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Reuben and Edith Solonsky never expected to be standing on an Amtrak platform in Depew on their way home to Eugene, Ore., after visiting their son in Bethesda, Md.

On the morning of Sept. 11, they were ready to board a plane at Dulles International Airport in Northern Virginia when the nation's air travel system was shut down.

Now their trip home will take several days, instead of a few hours.

Edith Solonsky said she didn't feel safe flying, and spent two days on the phone making arrangements to get home on the ground. "I don't think I'll be flying for a while," she said.

Lots of travelers are turning to Amtrak these days to avoid flying or because airlines have scaled back their service. Nationally, Amtrak reported its passenger counts have risen 40 percent in the past seven or eight days.

The Solonskys' travel plan reflects the lengths to which some passengers will go to avoid getting on a plane. Their son drove them from Maryland to Buffalo on Tuesday. The couple boarded the train from Depew to Toronto on Wednesday, and planned to switch to a train there that will take them to Vancouver, British Columbia. Then they'll ride a bus to Seattle and hop another train to Eugene, arriving home early next week.

The Solonskys even had a friend mail their passports to them, in case they had problems crossing into Canada.

David and Shanti McCarey of Glasgow, Scotland, opted to take Amtrak for a different reason: to avoid potential traffic tie-ups at the U.S.-Canada border.

The McCareys' family members were supposed to drive them to Toronto to catch a plane. Instead of burdening them with what could be long border waits in each direction, the McCareys chose a train trip to get there.

The McCareys said they weren't concerned about flying. From Toronto, they'll fly to New York City, then home to Scotland.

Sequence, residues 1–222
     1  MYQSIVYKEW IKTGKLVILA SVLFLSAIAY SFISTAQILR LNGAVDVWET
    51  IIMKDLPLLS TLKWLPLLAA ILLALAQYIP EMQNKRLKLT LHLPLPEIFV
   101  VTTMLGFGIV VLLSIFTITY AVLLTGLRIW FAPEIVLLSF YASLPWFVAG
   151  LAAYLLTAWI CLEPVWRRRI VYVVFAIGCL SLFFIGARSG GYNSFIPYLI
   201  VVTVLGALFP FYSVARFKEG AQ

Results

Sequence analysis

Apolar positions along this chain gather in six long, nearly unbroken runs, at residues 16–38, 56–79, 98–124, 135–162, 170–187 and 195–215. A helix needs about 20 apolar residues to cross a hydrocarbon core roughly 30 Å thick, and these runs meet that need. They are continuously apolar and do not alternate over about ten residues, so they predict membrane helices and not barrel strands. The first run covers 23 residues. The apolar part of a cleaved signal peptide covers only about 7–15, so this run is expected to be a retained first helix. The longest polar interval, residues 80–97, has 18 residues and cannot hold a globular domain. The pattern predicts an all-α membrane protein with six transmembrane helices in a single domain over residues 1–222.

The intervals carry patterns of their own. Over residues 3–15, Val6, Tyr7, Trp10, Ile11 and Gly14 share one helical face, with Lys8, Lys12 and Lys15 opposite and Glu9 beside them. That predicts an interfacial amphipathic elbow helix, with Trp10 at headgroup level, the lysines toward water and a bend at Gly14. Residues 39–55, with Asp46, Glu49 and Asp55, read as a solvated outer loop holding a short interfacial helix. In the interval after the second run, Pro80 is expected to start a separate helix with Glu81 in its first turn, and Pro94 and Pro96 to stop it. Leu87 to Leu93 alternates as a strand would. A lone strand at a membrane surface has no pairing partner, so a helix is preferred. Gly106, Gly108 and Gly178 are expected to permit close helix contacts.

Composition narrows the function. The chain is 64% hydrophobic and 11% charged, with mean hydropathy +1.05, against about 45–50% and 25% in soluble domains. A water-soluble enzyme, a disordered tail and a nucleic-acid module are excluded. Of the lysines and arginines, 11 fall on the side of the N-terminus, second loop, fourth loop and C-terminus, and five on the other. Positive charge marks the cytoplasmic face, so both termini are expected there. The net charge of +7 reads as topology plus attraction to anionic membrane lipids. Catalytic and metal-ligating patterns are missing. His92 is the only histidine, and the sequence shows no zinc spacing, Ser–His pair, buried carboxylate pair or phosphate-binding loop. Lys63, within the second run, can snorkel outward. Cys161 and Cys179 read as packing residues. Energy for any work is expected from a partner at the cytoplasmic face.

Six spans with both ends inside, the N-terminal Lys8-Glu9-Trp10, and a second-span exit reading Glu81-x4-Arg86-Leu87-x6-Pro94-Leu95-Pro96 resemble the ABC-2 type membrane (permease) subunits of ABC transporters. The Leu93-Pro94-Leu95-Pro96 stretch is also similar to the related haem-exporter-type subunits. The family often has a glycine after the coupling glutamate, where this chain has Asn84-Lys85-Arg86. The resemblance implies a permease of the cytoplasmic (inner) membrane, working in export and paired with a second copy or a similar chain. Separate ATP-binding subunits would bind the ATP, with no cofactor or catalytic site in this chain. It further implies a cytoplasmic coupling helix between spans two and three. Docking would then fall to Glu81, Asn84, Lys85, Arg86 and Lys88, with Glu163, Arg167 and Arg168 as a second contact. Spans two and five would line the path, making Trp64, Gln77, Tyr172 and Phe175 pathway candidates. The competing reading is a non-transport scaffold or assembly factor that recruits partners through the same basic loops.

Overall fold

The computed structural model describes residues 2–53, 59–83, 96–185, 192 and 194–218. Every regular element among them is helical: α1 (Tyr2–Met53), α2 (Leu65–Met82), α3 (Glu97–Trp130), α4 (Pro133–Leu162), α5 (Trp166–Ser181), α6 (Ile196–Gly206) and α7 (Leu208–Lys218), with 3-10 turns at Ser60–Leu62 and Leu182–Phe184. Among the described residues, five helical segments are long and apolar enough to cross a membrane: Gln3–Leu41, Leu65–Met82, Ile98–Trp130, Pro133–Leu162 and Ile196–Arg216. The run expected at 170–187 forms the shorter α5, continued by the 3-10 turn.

"Our families are more worried, but I'm not particularly worried," Shanti McCarey said.

Local Amtrak officials referred questions about passenger counts to the company's corporate offices, and representatives there didn't have local figures available. Karen Dunn, an Amtrak spokeswoman, said Amtrak has increased its seat capacity by 2,000 seats per day on its service that travels from Boston to New York City to Washington, D.C.

Thousands of Americans also opted to travel by bus in the wake of the terrorist attacks. Greyhound, the nation's largest bus line, reported ridership at levels that it usually sees only at holidays. But by last Sunday, the counts were down to the daily average of 70,000, the company said.

The spike in rail passenger traffic has meant long hours for lots of Amtrak employees, she said. "They haven't complained one ounce."

Amtrak's ticket reservation lines have been flooded with calls, prompting Amtrak to urge passengers to buy their tickets through travel agents or automated ticket machines at rail stations.

Many travelers have traditionally preferred air travel over trains partly because planes get them to their destination faster. But with longer check-in times now required at airports, and with some travelers worried about air safety, the railroad is welcoming many first-time riders.

Anecdotally, Dunn said she's heard some of those passengers enjoyed the experience and have said they might stick with the railroad for a while.

Dunn said it was difficult to predict how long the surge in railroad traffic might last. "We're going to play it by ear and see what the market demands," she said.

Back in Depew, Tina Preiata of Australia was hopping the train to Niagara Falls with a companion. They hadn't sworn off traveling by air.

"We're not scared of flying. We fly everywhere," she said.

The Associated Press contributed to this report.


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